Dining and Family and Friends and Maybe Adding Something Active to the Mix
Whenever we go on vacation, it seems an inordinate amount of time and discussion and debate revolves around what, when, and where to eat. And when I tell people, oh I am going to Chicago, or Seattle, or San Diego, it’s the restauraunts that get talked about!! What is it about food and dining that creates such drama and interest in our lives?
When my kids were little it was hammered into our head that a family that eats together stays together, the sitting around a table breaking bread was so very important. I agree that the idea of sitting around a table, talking about our days was wonderful, sometimes the creating of the meal that brought us together wasn’t so wonderful. Picky eaters, husband who had a huge lunch, me watching my calories, rushing to get it done to head off to a sports event or play. And kids are taught that eating what is served is a way to show love, love the food, love the chef. So much gets wrapped around and entwined with our eating habits, that it can get all twisted up. The judgments we make about what and how people eat, their manners, how they chew. And heaven forbid we get a bad meal and then who do we blame!!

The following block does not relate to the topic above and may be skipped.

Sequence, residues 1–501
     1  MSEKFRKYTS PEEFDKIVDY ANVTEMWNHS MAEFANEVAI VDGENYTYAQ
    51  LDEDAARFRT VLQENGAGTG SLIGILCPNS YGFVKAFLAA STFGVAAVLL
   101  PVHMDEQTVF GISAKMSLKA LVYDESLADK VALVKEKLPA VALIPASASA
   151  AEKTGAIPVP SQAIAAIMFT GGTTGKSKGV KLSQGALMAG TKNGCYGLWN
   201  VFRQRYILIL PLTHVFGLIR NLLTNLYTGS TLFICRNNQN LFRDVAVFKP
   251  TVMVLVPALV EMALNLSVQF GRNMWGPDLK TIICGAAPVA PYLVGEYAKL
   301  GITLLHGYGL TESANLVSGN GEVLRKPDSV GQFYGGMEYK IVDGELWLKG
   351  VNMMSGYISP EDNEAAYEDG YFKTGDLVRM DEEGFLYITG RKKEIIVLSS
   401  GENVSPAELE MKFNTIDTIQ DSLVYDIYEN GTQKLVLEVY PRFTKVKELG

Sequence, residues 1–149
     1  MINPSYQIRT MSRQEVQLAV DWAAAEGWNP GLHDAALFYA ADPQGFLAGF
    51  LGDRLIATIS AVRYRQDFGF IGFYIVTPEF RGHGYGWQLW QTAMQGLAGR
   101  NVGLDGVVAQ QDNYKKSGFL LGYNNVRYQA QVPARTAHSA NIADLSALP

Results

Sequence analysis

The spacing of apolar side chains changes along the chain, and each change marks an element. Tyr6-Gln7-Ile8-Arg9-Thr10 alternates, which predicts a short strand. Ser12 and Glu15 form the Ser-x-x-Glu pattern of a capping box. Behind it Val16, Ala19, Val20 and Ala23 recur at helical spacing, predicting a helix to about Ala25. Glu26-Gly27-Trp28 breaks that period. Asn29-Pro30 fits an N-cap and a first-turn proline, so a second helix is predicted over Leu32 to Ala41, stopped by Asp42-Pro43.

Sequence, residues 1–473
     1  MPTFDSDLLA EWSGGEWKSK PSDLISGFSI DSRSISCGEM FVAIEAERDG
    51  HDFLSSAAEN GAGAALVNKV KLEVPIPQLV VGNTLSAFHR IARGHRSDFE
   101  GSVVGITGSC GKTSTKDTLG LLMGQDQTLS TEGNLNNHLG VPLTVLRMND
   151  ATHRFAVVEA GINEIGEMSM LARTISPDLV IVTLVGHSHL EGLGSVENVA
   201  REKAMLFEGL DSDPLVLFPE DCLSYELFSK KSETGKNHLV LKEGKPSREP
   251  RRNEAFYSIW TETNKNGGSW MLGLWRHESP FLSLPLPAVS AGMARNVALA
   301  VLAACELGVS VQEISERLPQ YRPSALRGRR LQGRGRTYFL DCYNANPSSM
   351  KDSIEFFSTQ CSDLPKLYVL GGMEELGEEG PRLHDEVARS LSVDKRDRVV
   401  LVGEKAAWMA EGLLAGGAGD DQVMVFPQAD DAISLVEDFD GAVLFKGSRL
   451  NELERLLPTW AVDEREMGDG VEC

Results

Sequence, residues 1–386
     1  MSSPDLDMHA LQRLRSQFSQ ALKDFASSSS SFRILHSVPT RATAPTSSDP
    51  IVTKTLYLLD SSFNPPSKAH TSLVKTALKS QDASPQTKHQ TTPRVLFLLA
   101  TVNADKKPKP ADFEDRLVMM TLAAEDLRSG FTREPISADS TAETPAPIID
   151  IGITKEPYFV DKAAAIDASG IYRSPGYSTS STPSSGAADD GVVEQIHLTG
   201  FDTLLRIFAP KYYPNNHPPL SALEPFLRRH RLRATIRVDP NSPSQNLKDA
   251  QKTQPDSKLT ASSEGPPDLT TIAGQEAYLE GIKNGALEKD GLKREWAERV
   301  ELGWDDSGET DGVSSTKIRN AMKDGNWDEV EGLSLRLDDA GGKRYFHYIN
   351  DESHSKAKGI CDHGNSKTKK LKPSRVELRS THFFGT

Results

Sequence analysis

You see people trying to control their lives and feelings with anorexia or binge eating. If one is unhappy, we ask about their appetite. The guilt people have for eating the “wrong food”. How religious practices are engrained in what one can or cannot eat. Sadly, we see the number of obese people in this country growing. Are they obese because they see food as a reward or as company when they are alone? That eating bad “tasty” food is a right? That you have to eat all you are given or served because, gosh you paid for it? Do people eating together talk each other into eating more? Are we distracted because of the conversation we mindlessly eat? For people that eat poorly when alone, is the food a way of having a friend there, because they associate food with love and family?
When we get together with friends, its most often around sharing a meal together, and who picks the restaurant and who pays. One couple, the wife doesn’t eat red meat, and more often then not, the husband picks a place that specializes in steaks. The wife then remarks on that fact, laughing, but I know it bothers her. And when we get a bad meal, we are angry and sad. We let that food affect our moods so easily. We socially count on food as the glue to hold us together and that can be a good thing, but it shouldn’t be relied on so heavily.
Once a week I take my mom out for dinner, it’s a treat, we get the same thing every week, even though we complain about our own cooking and the same meals we make. We enjoy the drive, the walking around, the people watching, just as much as we enjoy our fish tacos. The food, to me anyway, is almost secondary, it’s a means to get my nutrition while spending time with my mom and treating her to something fun.